Australian Educators and stakeholders in the construction of new schools understand that true inclusion for all learners extends beyond physical and visual access, to auditory access as well.
We understand that yesterday’s perception that it is more important to ensure all areas of a learning space are well lit, than ensuring all learners are delivered all sounds of all words. We used to build cars with an AM radio on the dashboard and a single speaker next to the glove box.
Now we know that different frequencies in spoken words fade quickly. And if you haven’t heard a word before, you can’t imagine what parts of words you have missed.
And we also know that in the same way mobile phones change all the time, so do devices supplied to learners by our Government to help with hearing loss. Different learner have different devices and they don’t all work the same way.
As part of this, Hear and Learn performed part of its HearAssist function after new Uconnect SoundHouses – with teacher and student voice capture (using our Flexmikes and Sharemikes) and even distribution of these voices and screen audio – were installed in the second stage of a refurb of Mount Gambier High School.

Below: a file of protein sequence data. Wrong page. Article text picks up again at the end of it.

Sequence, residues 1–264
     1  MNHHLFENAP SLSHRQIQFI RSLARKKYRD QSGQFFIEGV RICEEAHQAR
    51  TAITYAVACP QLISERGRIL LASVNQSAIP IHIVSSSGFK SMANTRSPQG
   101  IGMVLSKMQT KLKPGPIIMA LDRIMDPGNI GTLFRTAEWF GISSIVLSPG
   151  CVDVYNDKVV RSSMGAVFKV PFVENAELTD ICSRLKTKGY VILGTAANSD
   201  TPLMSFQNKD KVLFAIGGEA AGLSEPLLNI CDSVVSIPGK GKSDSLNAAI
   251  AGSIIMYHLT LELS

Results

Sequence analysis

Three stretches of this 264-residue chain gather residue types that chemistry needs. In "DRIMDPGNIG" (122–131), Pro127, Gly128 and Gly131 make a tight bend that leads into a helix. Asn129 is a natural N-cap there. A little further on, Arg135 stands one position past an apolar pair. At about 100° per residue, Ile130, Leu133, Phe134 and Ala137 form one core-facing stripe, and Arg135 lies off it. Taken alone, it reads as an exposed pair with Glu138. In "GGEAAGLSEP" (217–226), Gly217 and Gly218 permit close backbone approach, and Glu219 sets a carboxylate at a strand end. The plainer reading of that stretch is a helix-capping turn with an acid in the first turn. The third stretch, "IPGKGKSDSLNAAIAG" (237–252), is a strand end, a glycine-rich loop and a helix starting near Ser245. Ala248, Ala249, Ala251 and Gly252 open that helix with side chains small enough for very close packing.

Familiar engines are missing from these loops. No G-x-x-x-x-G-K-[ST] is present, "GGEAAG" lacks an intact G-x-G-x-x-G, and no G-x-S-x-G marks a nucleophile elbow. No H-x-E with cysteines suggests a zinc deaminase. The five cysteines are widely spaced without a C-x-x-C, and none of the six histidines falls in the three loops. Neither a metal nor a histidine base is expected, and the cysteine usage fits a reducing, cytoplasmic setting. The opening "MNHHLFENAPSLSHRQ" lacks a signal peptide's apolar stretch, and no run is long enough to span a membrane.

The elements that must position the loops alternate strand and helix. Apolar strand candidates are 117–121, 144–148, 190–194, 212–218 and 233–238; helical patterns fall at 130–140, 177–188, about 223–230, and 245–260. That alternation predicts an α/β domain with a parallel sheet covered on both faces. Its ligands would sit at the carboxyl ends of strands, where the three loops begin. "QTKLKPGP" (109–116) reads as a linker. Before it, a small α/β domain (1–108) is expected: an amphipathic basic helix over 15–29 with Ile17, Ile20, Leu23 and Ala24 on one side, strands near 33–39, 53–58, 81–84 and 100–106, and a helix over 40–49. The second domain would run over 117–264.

Teachers enjoy the tech too with one offering today “This is going to be great for my voice”.
Uconnect devices also allow connection of any transmitter – whether they use RF, Bluetooth or Induction as the means of transmission – to receivers in aids.
It’s easy to think that there must be a universal platform to transmit instructional audio to receivers in aids, but there isn’t. So it’s a thing of the past to think a hearing augmentation can be one type, or one other type or another type again – it needs to be agile and be able to adapt to new tech.
Needs to transmit by any methods and that is the foundation of UConnect products; if a visitor has a TSwitch, or a learner has a Signia device or a Phonak device or a Siemens device, no problem! Use a transmitter relevant to the schools population that Hear and Learn supplies to the school.